The primary judge, Justice Jackson, held in favour of the Department, ordering that the Liquidators must cause Linc to meet the requirements of the EPO. It was found that it was unnecessary to determine whether the property was capable of being disclaimed. However, the primary judge held that there was an inconsistency between sections 568 and 568D of the Act and the operation of sections 319 and 358 of the EPA. The primary judge found that the EPA State law provisions would have been invalid to the extent of the inconsistency under section 109 of the Constitution. However, it was held that section 5G of the Act, which is a section to avoid direct inconsistency between the Act and State laws, rolled back the operation of the EPA’s provisions, so that no inconsistency existed. Therefore, his Honour concluded that effect was to be given to the EPA provisions.

The Liquidators appealed the first instance decision.


The appeal was heard in the Court of Appeal before Gotterson, McMurdo JA and Bond J, where the decision of the primary judge was unanimously overturned.

It was found that the EPO imposed liabilities on Linc and hence constitute liabilities in respect of the disclaimed property. Consequently, Linc’s liability to comply with the EPO was terminated upon the issuing of the disclaimer notice.

A direct inconsistency arose between the liquidator’s ability to disclaim property under Commonwealth legislation and the operation of State legislation imposing the EPO. It was held that the inconsistency would be resolved in favour of the Commonwealth legislation pursuant to section 109 of the Constitution.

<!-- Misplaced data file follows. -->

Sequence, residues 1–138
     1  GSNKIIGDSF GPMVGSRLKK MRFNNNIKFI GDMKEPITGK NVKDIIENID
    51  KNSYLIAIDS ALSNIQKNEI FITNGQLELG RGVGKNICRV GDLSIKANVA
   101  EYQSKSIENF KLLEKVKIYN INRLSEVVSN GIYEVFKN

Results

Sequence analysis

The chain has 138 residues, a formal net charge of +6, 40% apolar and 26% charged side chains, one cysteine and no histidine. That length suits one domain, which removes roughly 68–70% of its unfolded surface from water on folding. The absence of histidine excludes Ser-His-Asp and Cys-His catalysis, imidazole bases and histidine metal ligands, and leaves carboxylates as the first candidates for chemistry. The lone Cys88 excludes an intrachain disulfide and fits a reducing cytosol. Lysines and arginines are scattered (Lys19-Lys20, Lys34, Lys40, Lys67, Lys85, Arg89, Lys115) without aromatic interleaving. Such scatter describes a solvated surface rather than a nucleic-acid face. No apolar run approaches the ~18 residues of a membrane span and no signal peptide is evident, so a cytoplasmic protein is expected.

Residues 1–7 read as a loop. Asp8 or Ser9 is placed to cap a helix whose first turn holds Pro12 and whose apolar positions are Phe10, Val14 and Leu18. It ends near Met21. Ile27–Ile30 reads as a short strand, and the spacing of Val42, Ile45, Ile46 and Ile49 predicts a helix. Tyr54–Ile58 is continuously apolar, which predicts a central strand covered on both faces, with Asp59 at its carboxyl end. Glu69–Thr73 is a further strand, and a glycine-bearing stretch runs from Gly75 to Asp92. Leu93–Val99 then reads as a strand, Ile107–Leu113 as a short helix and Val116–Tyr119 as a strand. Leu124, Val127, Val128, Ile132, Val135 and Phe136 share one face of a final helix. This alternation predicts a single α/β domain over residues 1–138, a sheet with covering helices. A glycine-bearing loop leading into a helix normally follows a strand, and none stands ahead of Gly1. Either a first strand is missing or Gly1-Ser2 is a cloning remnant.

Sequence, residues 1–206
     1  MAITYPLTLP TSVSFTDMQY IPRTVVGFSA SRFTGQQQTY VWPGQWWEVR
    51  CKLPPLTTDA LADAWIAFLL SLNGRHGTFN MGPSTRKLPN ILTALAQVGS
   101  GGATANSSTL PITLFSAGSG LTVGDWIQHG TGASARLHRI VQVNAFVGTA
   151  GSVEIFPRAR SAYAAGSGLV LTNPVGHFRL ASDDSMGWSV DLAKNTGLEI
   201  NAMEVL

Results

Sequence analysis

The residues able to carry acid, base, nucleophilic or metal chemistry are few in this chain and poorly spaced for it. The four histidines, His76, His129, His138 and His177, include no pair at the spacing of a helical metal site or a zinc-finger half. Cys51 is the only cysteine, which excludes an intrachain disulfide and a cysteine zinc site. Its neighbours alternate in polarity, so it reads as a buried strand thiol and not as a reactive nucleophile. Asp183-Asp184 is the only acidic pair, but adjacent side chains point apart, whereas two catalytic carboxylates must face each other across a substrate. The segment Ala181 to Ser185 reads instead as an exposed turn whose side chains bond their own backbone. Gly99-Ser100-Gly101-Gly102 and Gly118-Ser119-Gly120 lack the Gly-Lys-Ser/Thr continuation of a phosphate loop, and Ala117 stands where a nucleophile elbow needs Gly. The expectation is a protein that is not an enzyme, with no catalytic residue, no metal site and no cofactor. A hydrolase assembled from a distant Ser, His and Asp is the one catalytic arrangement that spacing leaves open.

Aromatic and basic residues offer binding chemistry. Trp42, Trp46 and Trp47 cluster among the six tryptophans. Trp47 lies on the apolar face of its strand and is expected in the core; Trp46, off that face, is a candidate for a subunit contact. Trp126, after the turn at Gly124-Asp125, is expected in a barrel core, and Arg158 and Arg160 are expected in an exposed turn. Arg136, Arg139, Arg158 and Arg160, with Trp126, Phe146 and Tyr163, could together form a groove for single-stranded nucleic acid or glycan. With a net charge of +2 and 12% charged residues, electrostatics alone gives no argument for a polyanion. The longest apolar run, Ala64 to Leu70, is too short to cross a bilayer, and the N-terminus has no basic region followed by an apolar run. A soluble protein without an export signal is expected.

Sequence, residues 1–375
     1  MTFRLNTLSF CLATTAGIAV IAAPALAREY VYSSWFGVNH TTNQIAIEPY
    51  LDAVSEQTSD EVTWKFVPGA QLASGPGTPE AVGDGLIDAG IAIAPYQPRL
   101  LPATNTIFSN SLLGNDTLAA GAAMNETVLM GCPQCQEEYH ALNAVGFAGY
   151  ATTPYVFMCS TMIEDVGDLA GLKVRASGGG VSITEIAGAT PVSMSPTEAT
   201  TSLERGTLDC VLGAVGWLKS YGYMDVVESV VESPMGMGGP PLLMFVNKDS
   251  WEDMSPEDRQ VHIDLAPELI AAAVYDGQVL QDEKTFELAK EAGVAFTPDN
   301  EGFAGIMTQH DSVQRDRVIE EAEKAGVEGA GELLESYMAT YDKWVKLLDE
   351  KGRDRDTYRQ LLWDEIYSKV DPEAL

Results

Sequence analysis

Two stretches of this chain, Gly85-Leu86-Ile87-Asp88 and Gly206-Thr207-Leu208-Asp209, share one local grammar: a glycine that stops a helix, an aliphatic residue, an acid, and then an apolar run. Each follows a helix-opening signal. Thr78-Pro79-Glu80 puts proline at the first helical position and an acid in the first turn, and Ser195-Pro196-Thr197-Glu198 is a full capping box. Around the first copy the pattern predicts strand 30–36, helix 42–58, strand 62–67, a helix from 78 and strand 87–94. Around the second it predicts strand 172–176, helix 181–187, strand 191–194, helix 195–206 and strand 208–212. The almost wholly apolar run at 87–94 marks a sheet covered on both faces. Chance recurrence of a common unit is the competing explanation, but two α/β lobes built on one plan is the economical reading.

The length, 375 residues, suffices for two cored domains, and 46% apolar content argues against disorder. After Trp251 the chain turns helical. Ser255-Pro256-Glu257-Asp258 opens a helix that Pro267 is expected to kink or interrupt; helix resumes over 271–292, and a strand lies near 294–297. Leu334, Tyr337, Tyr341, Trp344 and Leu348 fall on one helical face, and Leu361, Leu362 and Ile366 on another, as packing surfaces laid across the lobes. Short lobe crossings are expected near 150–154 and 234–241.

Their Honours found that the purpose of section 568D of the Act is to facilitate an effective winding up of a company by allowing a liquidator to free Linc of burdensome financial obligations which may otherwise have a negative effect on those interested in the administration.

The Department submitted that section 5G of the Act affects section 568D to an extent and that Linc should have no right or interest in the disclaimer property, but should still be obliged to comply with the EPO. This argument was rejected.

It was found that if it applies, section 5G(11) and section 5G(8) of the Act roll back the operation of the Act in order to avoid inconsistencies with State laws.

However, it was held that the rollback provision in section 5G of the Act could not apply as the Act could not be construed to operate in a way that was not intended by the Commonwealth Parliament.

McMurdo JA stated that the Commonwealth Parliament would not have intended that for a ‘disclaimer of property, a liquidator could cause a company to lose all of its rights and interests in or in respect of the property, but remain burdened by a liability in respect of it’.

It was held that there was no way of ensuring that no inconsistency would arise. Section 5G of the Act could not shift the operation of section 568D of the Act to rid of some of a company’s liabilities but not on the other effects of a disclaimer. Thus, section 5G would only apply if the disclaimer itself was disputed, which in this case it was not.

The appeal was allowed, and the primary judge’s orders were set aside.

A Note to Insolvency Practitioners and Directors

During insolvency or administration, the power to disclaim onerous property can be an important step towards achieving the most successful outcome for the company and its creditors. Longley has confirmed the importance of this power and has ensured it is applied wholly, and not in part. In doing so, liquidators should still be wary of and have regard to existing State laws including environmental compliance requirements that may be inconsistent with this power as personal liability may arise.

If you would like to discuss any aspect of this article further, please do not hesitate to email Alicia Hill or phone +61 3 8540 0200.